You might also be able to add more money to your super at the lower taxed rate of 15% under ‘catch-up legislation’. This started in the 2019-20 financial year.

This allows you to carry over any unused yearly contributions at the lower taxed rate for up to five years. For example, if you had $20,000 in contributions in 2020-21, and the yearly limit is $27,500, you can use the leftover $7,500 in contributions for the next year.

You can make catch-up contributions at any time and claim a tax deduction later.

You can check if you’re eligible for catch-up contributions on the myGov website under the Australian Taxation Office. Your overall super balance must be below $500,000 to use this option.

4. Non-concessional contributions

Non-concessional contributions are personal contributions you put into your super fund after you’ve already paid tax on them. You can’t claim them as a tax deduction.

These contributions have their own yearly limits and are different from the contributions that are taxed at a lower rate.

Usually, people make non-concessional contributions when they sell big assets, like a house or an investment property.

Right now, the yearly limit for non-concessional contributions is $110,000. But there’s a rule called the “three-year pull-forward rule” that lets you put in $330,000 in one year.

After that, you can’t add more non-concessional contributions for the next three years.

If you have more than $330,000 to put in, you could use the $110,000 yearly limit before June 30 next year. Then, starting from July 1, you could use the three-year pull-forward rule again to add up to $330,000 more.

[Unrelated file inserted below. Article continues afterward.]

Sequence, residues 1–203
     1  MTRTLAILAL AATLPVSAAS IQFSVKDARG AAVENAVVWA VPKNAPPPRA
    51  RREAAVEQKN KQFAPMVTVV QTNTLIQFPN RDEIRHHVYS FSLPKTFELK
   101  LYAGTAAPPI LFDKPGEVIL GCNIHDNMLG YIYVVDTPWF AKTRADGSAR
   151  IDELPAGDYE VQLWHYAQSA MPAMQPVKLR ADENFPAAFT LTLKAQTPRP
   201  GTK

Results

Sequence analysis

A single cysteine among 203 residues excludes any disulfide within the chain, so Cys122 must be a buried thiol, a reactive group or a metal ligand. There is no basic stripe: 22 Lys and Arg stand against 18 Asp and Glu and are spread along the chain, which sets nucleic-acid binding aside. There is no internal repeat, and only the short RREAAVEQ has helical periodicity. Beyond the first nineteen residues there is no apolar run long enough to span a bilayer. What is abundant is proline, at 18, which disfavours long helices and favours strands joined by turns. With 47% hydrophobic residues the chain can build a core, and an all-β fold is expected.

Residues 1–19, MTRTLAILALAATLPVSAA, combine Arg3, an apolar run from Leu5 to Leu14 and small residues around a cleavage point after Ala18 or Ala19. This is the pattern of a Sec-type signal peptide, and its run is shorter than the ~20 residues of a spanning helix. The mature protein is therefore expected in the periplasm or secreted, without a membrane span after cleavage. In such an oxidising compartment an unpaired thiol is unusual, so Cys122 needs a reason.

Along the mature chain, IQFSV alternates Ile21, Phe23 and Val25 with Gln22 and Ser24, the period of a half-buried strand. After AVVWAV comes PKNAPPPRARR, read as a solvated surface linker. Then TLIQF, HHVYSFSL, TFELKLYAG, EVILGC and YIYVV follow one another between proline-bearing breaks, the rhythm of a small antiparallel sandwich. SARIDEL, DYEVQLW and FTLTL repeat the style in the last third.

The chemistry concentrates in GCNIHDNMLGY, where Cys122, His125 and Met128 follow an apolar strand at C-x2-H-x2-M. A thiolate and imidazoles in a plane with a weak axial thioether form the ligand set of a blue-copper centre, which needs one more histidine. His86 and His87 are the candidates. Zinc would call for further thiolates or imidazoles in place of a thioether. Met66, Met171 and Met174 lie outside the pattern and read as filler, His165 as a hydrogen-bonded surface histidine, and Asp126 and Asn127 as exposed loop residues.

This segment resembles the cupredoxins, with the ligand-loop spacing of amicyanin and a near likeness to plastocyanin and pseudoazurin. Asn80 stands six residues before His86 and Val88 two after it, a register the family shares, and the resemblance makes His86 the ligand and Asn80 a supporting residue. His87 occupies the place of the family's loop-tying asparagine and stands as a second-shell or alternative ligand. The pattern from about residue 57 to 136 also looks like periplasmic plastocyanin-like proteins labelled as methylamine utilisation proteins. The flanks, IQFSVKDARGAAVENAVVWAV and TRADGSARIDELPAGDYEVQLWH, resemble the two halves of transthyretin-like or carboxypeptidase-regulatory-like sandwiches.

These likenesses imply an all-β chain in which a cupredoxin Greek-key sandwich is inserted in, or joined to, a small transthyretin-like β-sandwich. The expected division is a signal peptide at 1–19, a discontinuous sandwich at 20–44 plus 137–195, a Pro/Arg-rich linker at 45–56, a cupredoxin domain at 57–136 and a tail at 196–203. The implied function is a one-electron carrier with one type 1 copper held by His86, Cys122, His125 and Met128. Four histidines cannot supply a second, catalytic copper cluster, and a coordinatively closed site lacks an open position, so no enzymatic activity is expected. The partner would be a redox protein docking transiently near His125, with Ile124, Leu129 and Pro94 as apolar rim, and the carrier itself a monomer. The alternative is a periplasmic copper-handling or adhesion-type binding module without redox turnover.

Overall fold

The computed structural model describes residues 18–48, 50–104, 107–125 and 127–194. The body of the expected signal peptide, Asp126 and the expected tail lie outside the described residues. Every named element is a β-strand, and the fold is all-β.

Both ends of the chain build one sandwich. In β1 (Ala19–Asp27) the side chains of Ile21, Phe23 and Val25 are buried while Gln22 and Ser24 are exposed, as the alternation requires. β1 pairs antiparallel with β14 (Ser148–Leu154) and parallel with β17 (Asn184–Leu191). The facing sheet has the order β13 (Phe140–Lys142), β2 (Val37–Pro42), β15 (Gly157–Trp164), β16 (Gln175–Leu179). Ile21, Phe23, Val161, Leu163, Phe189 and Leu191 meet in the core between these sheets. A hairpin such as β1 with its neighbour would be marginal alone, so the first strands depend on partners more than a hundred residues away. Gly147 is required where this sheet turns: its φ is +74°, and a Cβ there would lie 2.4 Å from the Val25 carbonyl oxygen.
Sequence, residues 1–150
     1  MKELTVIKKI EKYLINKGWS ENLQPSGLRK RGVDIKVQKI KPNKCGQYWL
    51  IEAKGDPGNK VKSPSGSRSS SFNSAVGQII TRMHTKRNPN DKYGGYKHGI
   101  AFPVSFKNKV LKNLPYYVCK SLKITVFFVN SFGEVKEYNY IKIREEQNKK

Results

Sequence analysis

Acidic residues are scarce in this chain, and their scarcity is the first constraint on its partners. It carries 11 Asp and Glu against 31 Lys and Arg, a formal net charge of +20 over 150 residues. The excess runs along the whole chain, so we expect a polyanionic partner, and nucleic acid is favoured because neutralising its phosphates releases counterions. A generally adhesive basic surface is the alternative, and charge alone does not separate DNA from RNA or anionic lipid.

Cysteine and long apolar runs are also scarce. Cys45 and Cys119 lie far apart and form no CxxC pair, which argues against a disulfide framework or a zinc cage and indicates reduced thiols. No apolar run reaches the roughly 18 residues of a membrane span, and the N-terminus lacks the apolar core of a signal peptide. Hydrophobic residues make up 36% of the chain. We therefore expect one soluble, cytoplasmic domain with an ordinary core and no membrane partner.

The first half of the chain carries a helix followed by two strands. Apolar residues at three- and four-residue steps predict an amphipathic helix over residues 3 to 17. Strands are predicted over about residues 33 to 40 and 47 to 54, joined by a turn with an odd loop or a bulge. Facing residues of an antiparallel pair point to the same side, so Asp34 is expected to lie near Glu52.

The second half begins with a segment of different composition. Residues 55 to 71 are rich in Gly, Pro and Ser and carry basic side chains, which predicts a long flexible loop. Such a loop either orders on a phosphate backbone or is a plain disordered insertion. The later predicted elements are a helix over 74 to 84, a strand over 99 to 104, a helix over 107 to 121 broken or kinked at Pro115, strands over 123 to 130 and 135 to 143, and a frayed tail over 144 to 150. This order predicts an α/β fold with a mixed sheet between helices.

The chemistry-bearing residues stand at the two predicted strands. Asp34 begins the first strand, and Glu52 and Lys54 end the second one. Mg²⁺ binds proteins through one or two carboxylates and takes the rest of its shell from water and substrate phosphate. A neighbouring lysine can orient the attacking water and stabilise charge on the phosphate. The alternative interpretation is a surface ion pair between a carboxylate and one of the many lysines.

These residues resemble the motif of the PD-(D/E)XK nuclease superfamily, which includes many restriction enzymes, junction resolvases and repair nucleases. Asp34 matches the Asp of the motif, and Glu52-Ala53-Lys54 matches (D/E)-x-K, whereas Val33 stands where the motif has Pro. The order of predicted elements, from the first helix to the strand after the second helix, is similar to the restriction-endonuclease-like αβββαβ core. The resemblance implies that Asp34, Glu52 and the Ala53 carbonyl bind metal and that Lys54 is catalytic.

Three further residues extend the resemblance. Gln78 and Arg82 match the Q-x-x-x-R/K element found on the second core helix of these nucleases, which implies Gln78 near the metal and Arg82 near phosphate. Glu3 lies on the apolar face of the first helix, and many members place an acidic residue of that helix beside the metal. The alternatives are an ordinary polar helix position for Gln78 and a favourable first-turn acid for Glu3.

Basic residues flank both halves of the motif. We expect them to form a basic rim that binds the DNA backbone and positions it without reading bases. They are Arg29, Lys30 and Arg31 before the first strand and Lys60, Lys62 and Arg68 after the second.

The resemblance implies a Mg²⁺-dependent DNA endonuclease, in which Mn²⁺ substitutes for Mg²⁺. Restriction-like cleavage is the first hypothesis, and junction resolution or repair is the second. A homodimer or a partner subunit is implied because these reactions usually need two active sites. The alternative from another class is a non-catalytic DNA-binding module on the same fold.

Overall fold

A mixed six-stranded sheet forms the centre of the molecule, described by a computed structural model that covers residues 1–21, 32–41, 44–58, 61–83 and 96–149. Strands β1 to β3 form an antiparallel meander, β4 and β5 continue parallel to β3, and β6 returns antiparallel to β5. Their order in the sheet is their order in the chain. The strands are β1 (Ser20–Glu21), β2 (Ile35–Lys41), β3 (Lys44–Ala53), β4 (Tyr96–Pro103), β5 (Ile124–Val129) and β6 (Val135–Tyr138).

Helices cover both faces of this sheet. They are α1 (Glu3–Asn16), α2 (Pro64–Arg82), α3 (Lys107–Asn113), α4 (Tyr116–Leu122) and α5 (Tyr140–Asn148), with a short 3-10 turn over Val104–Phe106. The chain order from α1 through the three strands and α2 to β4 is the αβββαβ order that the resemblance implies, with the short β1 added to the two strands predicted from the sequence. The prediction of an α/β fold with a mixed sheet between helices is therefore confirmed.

The big advantage of adding money this way is that it grows tax-free in your super fund for when you retire.

5. Downsizer contributions

The “downsizer measure” lets people aged 60 and over add up to $300,000 (or $600,000 for couples) from selling their main home into their super.

This money goes into the tax-free part of your super fund. You can add this on top of your non-concessional contributions, and it doesn’t count towards your yearly limit.

There are rules about downsizer contributions, so it’s a good idea to check them on the Tax Office website.

6. Exceeding the limits

It’s really important to know all the rules about adding money to your super.

If you put in more money than allowed, it’s called excess concessional contributions. This extra money gets added to your income and taxed at your normal tax rate.

The Tax Office gives you a 15% tax break to make up for the tax your super fund already paid. You can take out up to 85% of the extra money from your super fund to help pay the extra tax.

If you don’t, you could end up paying a lot of tax. And any extra money left in your super fund counts towards your non-concessional contributions limit.

Want to make the most out of your super limits? A financial advisor can guide you in making the right financial decisions.

To find out if our strategies are right for you, feel free to contact 360 Financial Strategists online or on 03 9427 0855.